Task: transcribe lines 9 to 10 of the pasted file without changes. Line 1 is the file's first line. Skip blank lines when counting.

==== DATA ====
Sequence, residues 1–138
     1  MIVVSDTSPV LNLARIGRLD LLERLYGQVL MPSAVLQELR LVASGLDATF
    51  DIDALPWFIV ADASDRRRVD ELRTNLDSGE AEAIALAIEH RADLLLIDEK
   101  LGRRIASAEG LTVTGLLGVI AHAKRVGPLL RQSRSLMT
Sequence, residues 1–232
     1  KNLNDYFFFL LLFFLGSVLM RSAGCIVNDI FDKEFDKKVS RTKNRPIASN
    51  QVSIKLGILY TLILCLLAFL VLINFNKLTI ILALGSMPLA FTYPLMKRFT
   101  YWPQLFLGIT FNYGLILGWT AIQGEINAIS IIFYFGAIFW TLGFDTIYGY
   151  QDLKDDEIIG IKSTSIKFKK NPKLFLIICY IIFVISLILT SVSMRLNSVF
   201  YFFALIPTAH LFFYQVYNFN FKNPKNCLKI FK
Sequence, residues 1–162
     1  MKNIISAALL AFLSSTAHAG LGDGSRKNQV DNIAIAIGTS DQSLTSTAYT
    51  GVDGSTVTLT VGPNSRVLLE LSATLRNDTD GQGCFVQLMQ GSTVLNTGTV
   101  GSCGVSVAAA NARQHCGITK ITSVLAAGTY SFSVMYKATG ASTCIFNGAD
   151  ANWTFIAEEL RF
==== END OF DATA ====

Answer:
   151  QDLKDDEIIG IKSTSIKFKK NPKLFLIICY IIFVISLILT SVSMRLNSVF
   201  YFFALIPTAH LFFYQVYNFN FKNPKNCLKI FK